Jan 30, 2018 - More intuitively, this notation means that the remainder (all the higher order terms) are about the size of the distance between ... We don't know Âµ, so we try to use the data (the Zi's) to estimate it. â¢ I propose 3 ... Asymptotica

Chapter 3 - GitHub
N(0, 1). The CLT tells us about the shape of the âpilingâ, when appropriately normalized. Evaluation. Once I choose some way to âlearnâ a statistical model, I need to decide if I'm doing a good job. How do I decide if I'm doing anything good?

chapter 5-6 Mr Popper's Penguins.pdf
Summer 2011. Chapter 5- Troubles with a Penguin. Language Arts. Vocabulary â. Look up the following words and write the definitions. icebox â ...

Chapter 1 - GitHub
Jan 23, 2017 - 1. What are all these things? 2. What is the mean of yi? 3. What is the distribution of Ïµi? 4. What is the notation X or Y ? Drawing a sample yi = xi Î² + Ïµi. Write code which draws a sample form the population given by this model. p

Chapter 6 - Home
write each new term and its definition in your notebook. â¡ communication (p. 174). â¡ verbal communication. (p. 175). â¡ nonverbal communication ..... Page 9 ...

Chapter Number 6 Chapter Title Incentives and ...
Mar 30, 2015 - well as by technology. .....  Casper, B. A., and S. A. Tyson. .... cisions under incomplete information, whereas we abstract from collective action ...

Chapter 6
when a lot of features are irrelevant and drown out the relevant features' signal in the distance calculations. Notice that the nearest-neighbor method can easily be applied to regression problems with a real-valued target variable. In fact, the meth

Chapter 5 - DLSCRIB
Three different washing solutions are being compared to study their ... Plot the mean tensile strengths observed for each chemical type in Problem 4.3 and ...... np y p y .... h... n-1. Treatment x Squares. Squares. Treatments .... h.j.. SS. SS np y

Chapter 5
Every Document object has: â¢forms - an array of references to the forms of the document. â¢Each forms object has an elements array, which has references to the form's elements. Document also has property arrays for anchors, links, & images. JavaSc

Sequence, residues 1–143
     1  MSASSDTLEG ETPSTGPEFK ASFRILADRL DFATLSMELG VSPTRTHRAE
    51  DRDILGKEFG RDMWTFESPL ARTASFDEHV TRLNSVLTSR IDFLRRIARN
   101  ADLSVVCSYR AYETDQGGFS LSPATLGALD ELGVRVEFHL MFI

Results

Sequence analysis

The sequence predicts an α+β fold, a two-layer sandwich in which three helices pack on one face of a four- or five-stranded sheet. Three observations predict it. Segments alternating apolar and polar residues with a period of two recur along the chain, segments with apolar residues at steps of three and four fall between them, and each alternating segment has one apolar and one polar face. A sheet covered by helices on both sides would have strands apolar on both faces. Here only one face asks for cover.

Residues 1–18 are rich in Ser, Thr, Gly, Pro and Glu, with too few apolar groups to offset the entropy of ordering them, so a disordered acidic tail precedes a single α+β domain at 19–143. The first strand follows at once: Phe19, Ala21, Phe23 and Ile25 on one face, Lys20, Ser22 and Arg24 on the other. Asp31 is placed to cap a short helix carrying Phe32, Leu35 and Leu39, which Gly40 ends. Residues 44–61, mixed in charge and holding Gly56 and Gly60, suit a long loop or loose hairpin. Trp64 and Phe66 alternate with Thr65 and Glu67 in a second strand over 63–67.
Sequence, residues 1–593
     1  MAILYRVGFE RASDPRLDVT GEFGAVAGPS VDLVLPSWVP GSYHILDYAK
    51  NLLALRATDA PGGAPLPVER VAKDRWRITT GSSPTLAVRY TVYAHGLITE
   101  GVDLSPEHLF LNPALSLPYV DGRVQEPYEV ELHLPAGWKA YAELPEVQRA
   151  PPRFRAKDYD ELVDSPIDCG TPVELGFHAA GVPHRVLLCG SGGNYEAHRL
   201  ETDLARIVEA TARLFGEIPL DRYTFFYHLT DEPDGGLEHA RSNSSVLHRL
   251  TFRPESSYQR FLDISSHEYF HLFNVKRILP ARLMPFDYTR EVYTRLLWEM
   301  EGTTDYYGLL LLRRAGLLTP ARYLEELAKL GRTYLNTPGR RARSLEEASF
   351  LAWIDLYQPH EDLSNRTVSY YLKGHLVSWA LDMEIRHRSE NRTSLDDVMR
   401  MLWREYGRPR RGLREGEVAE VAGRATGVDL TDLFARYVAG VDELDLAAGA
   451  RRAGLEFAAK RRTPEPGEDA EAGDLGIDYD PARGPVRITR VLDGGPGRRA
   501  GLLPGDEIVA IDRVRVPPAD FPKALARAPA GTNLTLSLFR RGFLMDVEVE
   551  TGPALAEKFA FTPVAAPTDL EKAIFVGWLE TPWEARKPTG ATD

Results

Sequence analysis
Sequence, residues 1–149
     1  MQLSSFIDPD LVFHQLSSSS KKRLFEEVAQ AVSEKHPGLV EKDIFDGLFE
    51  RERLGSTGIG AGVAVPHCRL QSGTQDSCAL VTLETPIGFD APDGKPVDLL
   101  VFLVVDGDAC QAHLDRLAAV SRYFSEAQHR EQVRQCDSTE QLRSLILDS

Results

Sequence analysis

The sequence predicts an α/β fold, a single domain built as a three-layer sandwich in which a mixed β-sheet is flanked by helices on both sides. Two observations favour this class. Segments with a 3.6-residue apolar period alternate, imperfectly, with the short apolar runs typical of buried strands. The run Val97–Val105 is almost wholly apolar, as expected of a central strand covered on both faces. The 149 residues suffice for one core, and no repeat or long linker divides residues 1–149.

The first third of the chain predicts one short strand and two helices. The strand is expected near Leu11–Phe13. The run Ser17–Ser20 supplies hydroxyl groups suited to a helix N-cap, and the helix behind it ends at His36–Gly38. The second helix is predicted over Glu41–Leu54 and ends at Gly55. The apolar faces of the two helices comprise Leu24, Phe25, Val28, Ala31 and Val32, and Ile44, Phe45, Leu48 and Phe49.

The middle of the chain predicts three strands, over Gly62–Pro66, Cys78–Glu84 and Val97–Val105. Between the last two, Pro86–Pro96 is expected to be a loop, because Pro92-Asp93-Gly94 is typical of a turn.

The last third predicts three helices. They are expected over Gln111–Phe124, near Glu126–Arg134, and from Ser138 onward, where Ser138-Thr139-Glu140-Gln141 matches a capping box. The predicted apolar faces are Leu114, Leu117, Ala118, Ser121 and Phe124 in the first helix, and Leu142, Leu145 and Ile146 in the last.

AIFFD Chapter 12 - Bioenergetics - GitHub
The authors fit a power function to the maximum consumption versus weight variables for the 22.4 and ... The linear model for the 6.9 group is then fit with lm() using a formula of the form ..... PhD thesis, University of Maryland, College Park. 10.

AIFFD Chapter 10 - Condition - GitHub
May 14, 2015 - 32. This document contains R versions of the boxed examples from Chapter 10 of the âAnalysis and Interpretation of Freshwater Fisheries Dataâ ...

chapter iv: the adventure - GitHub
referee has made changes in the rules and/or tables, simply make a note of the changes in pencil (you never kno, ,hen the rules ,ill ... the Game Host's rulebook until they take on the mantle of GH. The excitement and mystery of ...... onto the chara

CHAPTER 5: Graphs and Trees - DAINF
Page 166 Mathematical Structures for Computer Science Gersting. CHAPTER ... Not isomorphic; graph in (b) has a node of degree 5, graph in (a) does not. 14. f:.

Chapter 5 Lab 5-1, Configure and Verify Path Control
Note: This lab uses Cisco 1841 routers with Cisco IOS Release 12.4(24)T1, ... Cisco IOS Software versions if they have comparable capabilities and features.

AIFFD Chapter 4 - Recruitment - GitHub
Some sections build on descriptions from previous sections, so each ... setwd("c:/aaaWork/web/fishR/BookVignettes/AIFFD/") ... fact is best illustrated with a two-way frequency table constructed from the two group factor variables with ..... 10. Year

CHAPTER 6 Clean.pdf
time by approved providers. Approved providers include: (A) The American Physical Therapy Association (APTA),. including any sections, credentialed ...

Chapter 6 Friction.pdf
R. T1. R. A 1g. 1a. R. R. 1g. 1a.. 0.5g. 0.5g. a. A B. =0.2. 0.5kg. 1kg 1kg. =0.2. 2Ã0.5 16N. R1. 4g. 16N=T. 2R. 4Ã0.5. 30Â°. a. 1. 0.5 m/s2. 2kg. 4kg. 2. Page 3 of 10. Chapter 6 Friction.pdf. Chapter 6 Friction.pdf. Open. Extract. Open with. Sign

Chapter 6 Review.pdf
The Worthington Pottery Company manufactures beer mugs in batches of 120. and the overall rate of defects is 5%. Find the probability of having more than 6. defects in a batch. 8. A bank's loan officer rates applicants for credit. The ratings are nor

chapter 6.pdf
There was a problem previewing this document. Retrying... Download. Connect more apps... Try one of the apps below to open or edit this item. chapter 6.pdf.